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zylo May 24th, 2016 09:52 AM

The Real Numbers are Countable
 
The Real Numbers are Countable

The real numbers 0 $\displaystyle \leq$ x < 1 are countable because there is a unique countably infinite sequence of digits which identifies the real number and this same unique countably infinite sequence of digits is a natural number.
Ex. Fractional part of pi
.1415926........ equiv 1415926.....

Note: .999999999999999999..... is not included. Use 1

Same applies for binary digits.

v8archie May 24th, 2016 10:00 AM

This is nonsense... again. You have yourself stated in the past that all natural numbers are finite. Your last post correctly defined them as finite sequences of binary digits. This excludes $\pi$.

Your exclusion of 0.99999... is somewhat pointless as it leaves many similar decimal representations.

zylo May 24th, 2016 03:46 PM

.3333..... with a countably infinite (not finite) number of '3's defines 1/3.
Is 33333.... with a countably infinite number of '3's a natural number? Can we count to it? Let's start counting:
1, 2, 3, 4, 5, .......
When we get to 333, do we have to stop counting?
3333333?
33333333333333333?
The point is you can count to 33333..... (countably infinite number of '3's), i.e., it is a natural number.
This illustrates the OP that the reals are countable.

Countably infinite means COUNTABLE and NON-FINITE.
Any particular natural number is finite, but there are a countably infinite number of them.

The above argument applies to any irrational number 0 $\displaystyle \leq$ x < 1.

mathman May 24th, 2016 04:54 PM

Quote:

The point is you can count to 33333..... (countably infinite number of '3's), i.e., it is a natural number.
It is not. A natural number has a finite number of digits.

v8archie May 24th, 2016 05:08 PM

Quote:

Originally Posted by zylo (Post 536780)
The point is you can count to 33333.....

No you can't. Such a process has to terminate. Since the infinite sequence of 3s does not, by definition, terminate, neither can your counting process. Furthermore, you defined your "countably infinite binary sequences" as terminating in an infinite string of zeros, which this clearly doesn't, so it's not in your enumeration.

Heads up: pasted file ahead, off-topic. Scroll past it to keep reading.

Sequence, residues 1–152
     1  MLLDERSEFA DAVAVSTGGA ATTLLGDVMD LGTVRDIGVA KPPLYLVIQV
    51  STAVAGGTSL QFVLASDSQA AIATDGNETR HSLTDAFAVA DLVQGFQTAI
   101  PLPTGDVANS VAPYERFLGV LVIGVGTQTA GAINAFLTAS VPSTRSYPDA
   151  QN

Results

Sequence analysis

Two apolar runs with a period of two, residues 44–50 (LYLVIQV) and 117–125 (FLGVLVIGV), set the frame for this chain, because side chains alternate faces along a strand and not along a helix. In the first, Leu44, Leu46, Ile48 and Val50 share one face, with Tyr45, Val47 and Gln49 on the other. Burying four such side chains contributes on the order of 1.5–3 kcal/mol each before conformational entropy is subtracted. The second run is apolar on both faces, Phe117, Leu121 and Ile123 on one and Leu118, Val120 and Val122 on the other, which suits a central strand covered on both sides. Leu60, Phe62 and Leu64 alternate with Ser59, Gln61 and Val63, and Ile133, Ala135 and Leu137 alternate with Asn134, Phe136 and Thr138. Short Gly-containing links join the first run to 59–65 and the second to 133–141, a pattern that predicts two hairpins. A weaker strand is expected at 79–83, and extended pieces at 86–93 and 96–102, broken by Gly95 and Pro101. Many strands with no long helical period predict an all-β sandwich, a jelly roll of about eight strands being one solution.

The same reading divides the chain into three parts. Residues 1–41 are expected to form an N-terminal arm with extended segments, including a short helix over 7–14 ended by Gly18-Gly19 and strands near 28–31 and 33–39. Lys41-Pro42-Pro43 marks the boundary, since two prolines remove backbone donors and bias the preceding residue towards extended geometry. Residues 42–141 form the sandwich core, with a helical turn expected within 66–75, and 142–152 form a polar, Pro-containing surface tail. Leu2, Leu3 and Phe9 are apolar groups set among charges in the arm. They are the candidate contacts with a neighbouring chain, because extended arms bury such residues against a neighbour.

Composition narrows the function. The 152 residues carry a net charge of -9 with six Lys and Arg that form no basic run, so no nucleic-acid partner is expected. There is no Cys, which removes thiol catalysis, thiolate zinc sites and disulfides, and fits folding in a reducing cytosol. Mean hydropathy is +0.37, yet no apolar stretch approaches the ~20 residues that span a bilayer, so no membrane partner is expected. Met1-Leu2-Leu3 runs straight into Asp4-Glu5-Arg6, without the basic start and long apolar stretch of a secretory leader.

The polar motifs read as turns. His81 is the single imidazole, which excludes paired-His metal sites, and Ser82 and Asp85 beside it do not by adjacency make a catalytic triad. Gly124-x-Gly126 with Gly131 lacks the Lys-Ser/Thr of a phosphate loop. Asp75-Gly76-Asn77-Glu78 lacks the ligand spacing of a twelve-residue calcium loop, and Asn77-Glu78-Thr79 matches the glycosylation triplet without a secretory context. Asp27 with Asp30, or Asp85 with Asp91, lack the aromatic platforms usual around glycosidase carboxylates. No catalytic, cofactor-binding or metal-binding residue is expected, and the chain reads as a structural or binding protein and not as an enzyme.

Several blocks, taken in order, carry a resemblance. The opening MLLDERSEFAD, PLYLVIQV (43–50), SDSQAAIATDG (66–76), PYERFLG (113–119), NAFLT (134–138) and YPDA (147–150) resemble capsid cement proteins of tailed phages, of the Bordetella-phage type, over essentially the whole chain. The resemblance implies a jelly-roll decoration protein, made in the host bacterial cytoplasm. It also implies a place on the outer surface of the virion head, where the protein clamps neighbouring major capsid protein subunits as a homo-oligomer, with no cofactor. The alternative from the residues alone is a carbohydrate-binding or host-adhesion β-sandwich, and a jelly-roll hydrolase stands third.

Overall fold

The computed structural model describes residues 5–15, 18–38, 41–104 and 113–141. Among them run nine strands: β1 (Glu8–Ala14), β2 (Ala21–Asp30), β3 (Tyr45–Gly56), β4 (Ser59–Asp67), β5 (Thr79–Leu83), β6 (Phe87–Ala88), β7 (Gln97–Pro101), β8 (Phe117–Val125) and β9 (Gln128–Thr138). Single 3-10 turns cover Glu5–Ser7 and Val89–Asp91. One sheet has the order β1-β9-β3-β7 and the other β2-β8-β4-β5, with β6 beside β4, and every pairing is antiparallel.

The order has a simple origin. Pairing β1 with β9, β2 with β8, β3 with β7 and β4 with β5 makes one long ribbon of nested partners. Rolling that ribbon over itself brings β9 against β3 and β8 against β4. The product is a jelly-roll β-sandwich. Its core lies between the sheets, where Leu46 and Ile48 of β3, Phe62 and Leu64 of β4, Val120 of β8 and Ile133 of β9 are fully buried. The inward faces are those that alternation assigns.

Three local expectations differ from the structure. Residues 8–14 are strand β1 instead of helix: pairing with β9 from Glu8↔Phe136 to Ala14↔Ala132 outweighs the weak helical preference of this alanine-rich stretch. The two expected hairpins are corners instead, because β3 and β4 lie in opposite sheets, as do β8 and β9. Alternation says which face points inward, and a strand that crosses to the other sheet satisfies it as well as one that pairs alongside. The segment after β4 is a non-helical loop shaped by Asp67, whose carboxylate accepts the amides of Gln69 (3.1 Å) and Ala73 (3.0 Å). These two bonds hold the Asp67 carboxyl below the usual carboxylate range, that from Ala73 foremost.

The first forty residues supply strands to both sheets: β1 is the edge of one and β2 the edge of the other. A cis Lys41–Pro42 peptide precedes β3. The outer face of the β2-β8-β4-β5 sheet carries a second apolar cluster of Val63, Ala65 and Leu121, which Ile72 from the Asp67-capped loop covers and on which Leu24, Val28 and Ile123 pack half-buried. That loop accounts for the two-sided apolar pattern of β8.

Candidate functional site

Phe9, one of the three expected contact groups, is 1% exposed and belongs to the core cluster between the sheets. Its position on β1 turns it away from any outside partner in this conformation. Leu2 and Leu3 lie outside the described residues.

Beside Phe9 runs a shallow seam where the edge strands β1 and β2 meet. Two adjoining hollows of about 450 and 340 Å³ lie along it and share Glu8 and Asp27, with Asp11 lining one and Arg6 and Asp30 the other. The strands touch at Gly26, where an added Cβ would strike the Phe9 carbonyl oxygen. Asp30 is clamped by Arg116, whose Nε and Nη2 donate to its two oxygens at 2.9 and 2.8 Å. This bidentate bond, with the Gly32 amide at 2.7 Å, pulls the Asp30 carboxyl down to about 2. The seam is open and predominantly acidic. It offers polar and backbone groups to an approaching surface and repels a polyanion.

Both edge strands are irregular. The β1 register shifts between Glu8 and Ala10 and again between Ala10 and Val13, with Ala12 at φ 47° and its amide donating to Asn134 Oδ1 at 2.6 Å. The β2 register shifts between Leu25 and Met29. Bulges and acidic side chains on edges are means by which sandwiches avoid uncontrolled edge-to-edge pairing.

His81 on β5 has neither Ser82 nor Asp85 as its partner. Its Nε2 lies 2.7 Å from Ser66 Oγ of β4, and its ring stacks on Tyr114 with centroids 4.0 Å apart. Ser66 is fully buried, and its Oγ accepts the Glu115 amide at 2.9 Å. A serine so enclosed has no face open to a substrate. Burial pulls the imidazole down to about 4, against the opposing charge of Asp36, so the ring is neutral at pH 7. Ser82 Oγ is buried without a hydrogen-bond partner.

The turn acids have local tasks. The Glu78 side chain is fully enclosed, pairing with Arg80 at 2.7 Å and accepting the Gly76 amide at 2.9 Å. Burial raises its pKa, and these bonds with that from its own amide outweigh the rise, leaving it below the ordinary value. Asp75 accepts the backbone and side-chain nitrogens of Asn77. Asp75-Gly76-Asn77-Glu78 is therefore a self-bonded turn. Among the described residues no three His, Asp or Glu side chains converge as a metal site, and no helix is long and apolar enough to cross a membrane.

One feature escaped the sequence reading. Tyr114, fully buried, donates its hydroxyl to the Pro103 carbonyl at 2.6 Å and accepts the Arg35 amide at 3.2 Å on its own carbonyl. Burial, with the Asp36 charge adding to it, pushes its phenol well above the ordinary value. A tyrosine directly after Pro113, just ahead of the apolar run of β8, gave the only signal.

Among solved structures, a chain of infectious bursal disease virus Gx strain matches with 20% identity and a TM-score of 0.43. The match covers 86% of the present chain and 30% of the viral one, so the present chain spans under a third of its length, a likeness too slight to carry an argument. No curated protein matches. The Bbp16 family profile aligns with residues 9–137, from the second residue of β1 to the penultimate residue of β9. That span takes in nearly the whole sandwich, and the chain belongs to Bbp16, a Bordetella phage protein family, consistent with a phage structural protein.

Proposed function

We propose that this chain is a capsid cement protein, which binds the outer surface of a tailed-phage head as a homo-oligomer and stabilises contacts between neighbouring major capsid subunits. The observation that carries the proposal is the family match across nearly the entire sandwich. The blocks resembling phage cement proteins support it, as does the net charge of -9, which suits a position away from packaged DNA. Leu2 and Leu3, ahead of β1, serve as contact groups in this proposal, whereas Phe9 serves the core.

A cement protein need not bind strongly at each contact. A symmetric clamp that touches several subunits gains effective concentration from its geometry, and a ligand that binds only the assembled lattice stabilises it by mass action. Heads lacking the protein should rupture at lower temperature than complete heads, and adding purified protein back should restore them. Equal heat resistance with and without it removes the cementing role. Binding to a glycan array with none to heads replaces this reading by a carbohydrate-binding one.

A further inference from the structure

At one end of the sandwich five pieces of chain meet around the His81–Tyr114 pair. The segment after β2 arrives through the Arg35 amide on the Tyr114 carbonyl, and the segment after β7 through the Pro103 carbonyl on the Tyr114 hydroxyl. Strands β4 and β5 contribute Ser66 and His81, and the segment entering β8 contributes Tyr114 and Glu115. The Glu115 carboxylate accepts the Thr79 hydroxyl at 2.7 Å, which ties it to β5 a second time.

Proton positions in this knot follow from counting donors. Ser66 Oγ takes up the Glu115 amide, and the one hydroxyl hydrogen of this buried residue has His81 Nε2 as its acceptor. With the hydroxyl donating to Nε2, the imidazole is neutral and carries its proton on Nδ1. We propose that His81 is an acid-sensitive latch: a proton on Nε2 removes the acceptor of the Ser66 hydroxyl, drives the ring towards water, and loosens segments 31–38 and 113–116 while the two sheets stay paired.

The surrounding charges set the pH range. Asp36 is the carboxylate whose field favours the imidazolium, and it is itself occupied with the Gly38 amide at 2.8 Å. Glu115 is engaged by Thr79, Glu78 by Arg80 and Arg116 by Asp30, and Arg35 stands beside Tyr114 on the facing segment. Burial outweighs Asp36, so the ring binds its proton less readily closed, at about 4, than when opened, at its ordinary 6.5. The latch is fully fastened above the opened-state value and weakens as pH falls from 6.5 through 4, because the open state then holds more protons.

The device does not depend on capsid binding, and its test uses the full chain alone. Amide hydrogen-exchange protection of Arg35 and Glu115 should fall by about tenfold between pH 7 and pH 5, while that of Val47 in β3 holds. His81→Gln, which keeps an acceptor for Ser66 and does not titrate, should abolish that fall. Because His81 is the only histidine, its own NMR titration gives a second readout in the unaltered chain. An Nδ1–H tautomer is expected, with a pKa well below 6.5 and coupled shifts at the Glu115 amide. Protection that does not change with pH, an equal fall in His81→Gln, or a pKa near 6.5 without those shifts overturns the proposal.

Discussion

Quote:

Originally Posted by zylo (Post 536780)
(countably infinite number of '3's), i.e., it is a natural number....
Any particular natural number is finite,

These two statements directly contradict each other. The first also contradicts the definitions you gave for natural numbers a couple of days ago.

Quote:

Originally Posted by zylo (Post 536780)
Countably infinite means COUNTABLE and NON-FINITE.

We defined "countably infinite" only a few days ago. The definition was clear and unambiguous. "Countable" has not been defined. So this is an ill-formed definition.

Quote:

Originally Posted by zylo (Post 536780)
Any particular natural number is finite, but there are a countably infinite number of them.

This is true! Unfortunately, you persist in guessing at the consequences instead of using any rigorous reasoning.

skipjack May 24th, 2016 10:19 PM

Non-significant zeros are not included in the standard representations of natural numbers.

According to zylo here, a binary [natural] number, $BN$, has the form
$\displaystyle BN=p_{n}2^{n}+p_{n-1}2^{n-1}+...p_{0}2^{0}$, where the $p_i$ are the digits of the number.

A decimal natural number, DN, is correspondingly $\displaystyle p_{n}10^{n}+p_{n-1}10^{n-1}+...p_{0}10^{0}$.

In both definitions, $n$ is zero or a natural number (else the sums are divergent), so a natural number has a finite number of digits ($n+1$ digits). In zylo's words, "The definitions hold for every finite n, but not for n=∞ (undefined)."

Quote:

Originally Posted by zylo (Post 536746)
. . . this same unique countably infinite sequence of digits is a natural number.

By zylo's earlier statement, which explicitly requires $n$ to be finite, this is not a natural number. I fail to see how zylo can maintain both posts are correct, as they directly contradict each other.

topsquark May 25th, 2016 05:55 PM

@zylo: I haven't checked in here for well over a month and still you are here making the same complaints, confusion, and an almost obsessive level of insistence that all other Mathematicians don't know anything about this topic.

I almost have to admire your tenacity. On the other hand your ship is not only sinking but it's become a playground for Spongebob and Patrick. Don't you think it might be time to admit you are in error?

-Dan

zylo May 27th, 2016 03:41 AM

The real numbers are countable.

Proof

Every real number consists of a unique pair of natural numbers, one to the left of the decimal point, and one to the right of the decimal point.

v8archie May 27th, 2016 05:12 AM

Quote:

Originally Posted by zylo (Post 537200)
The real numbers are countable.

Proof

Every real number consists of a unique pair of natural numbers, one to the left of the decimal point, and one to the right of the decimal point.

Even if that eere true, that doesn't come close to resembling a proof. There is no justification for the claim at all. How do you intend to demonstrate that what lies to the left/right of the decimal point is a natural number?

The statement is wrong anyway. As you have been shown many times, there are many real numbers that are infinite to the right of the decimal point. And an infinite string of digits is not a natural number because a natural number is finite.

zylo May 27th, 2016 05:25 AM

Given: .1845
There is a 1:1 correspondence between .1845 and 1845:
.1845->1845
1845->.1845
The decimal point is a convention of interpretation (the usual).


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